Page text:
I went to a concert on the beach tonight, and a woman was singing in a plaintive voice “I’m scared!…” and she sang about being stronger after a Hurricane took her house. I listened to the music and the words. I listened. I listened to the surf and the gulls, the boat horn, the crinkling of the chips, the chatter of folks nearby, cheers from the volleyball game. What should I listen too in the cacophony? Some lyrics give insight from the chorus of Listen Close, song 18 in the jukebox at http://www.toddherzog.com/
Listen Close to the whispers,
they will help you to remember
who you are and who you came here to be.
Listen close and you will hear Me,
in your heart I’m always with you;
In the silence I’m the only voice you hear. Todd Herzog
This weeks parashah contains six of the most powerful words, and commands us to Listen! In Hebrew Shema Yisrael, YHVH Elohenu YHVH Echad. My own take on these words: “Listen up, you God-wrestlers, the creative Power of the universe, is ours, and is Unity.”
This all important six word statement is shouted (perhaps) by Moses to the Israelites (translation: God-wrestlers) following the receiving of the Ten Commandments. in Deuteronomy. What is your take on these six words? This prayer is in every service, in Mezuzot, is the first learned, the last uttered. Unity/Oneness is elusive, yet as real a part of our universe as separation and divisiveness. In one of the most profound connections, the very next statement is “V’ahavta” You shall love God, with all your heart, and all your soul and all your all. Easier to say than do. Do we ever do something with all we’ve got? And how to love God? By loving life? By loving others? Kindness, connecting, loving all build unity. Perhaps it’s listening that makes unity and loving possible. Unity by parts interacting, more than the sum of its parts. You and I are organisms, unified mixtures of interacting parts, as are our cells, our families, our communities… Listen and you will hear the web of connections singing with the music of the spheres.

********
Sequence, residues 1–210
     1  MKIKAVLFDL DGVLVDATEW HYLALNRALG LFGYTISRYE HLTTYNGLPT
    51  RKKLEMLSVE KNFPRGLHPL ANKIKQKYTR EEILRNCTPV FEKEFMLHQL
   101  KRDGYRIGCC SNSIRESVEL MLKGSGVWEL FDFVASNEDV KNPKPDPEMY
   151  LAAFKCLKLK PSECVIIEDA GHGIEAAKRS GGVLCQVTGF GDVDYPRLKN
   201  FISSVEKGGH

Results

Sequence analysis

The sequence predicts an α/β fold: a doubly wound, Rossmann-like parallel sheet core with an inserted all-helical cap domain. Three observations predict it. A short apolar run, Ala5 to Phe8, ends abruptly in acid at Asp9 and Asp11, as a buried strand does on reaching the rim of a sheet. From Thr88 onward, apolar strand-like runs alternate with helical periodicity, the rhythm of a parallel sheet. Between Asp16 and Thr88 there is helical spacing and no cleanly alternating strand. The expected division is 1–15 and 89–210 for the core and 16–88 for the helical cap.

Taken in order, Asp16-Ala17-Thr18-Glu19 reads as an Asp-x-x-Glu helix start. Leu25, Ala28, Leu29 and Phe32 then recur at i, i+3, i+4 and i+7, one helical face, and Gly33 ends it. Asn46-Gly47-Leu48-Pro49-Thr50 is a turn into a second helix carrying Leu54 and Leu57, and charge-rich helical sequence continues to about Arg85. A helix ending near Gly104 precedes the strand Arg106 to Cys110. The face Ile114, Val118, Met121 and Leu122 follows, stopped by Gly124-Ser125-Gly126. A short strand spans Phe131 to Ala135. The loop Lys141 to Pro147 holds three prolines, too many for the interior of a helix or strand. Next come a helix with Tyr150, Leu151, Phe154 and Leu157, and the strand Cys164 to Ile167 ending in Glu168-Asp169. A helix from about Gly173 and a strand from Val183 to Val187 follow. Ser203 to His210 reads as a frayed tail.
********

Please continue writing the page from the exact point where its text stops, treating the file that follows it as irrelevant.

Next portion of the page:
Todd’s Lyrics excerpted above are from a song about personal change and transformation. But I like it before reciting the Shema. Listen to your heart and the melodies and harmonies and rhythms, and the silken web of connections, listen in order to love.
A story. There once was a wise old king of a small land by the sea, beloved by the people of the realm. When there was thirst, the king’s scouts raced to tell of the news, and, at once, irrigation ditches were built. When there was hunger, emergency grain was delivered as fast as the horses could carry them. When there was sadness, the King mourned too. Any commoner could wait at court and be heard. But, alas, the wise old King died, and his son, the Prince who became king did not honor his father’s ways. When there was famine, the Prince declared “I have plenty to eat, why should I care about commoners starving?” Countered his advisors, “Your father always…” “I am not he! ” the Prince interrupted, “I am too busy with important matters of state to worry about peasants!” he bellowed. And when there was thirst, he was similarly unmoved. He had little time to listen to mere commoners. The folk of the realm became distressed. The Prince’s advisers were petitioned ceaselessly. Finally one adviser, Menachem, had an idea. Menachem approached the Prince with a wonderful idea of a relaxing day at sea on his boat. “Splendid,” said the Prince, “I can survey my coast”.
While out at sea, Menachem suddenly took out a drill and began turning the handle, carving a hole in the bottom of the craft. “What are you doing!?” cried the Prince. “Don’t you know that the boat will sink if you drill a hole in the bottom!? “We’ll both drown!” he exclaimed. “Don’t be rediculous,” Menachem replied, “I’m only drilling on my side of the boat.” “But we’re on this boat together, both of us will perish!” shouted the Prince. Menachem stopped drilling. “As all of us, your common or royal, are in this together, we cannot survive if others we depend upon suffer and perish. Now, unless you promise to mend your uncaring ways, I will resume drilling.” Menachem whispered, and picked up his drill. Suddenly, the Prince’s ears and eyes were opened, and he understood. “Thank you, my friend, I’ve been a fool. My father was right, and I will rule like he did.” From then on, he listened when even peasants approached the throne, and sent scouts out to make sure all were cared for. We’re all in this boat together!
(Menachem means comforter, and this is Shabbat Nachamu, from the same root, and from the haftarah reading “Be comforted, my people”)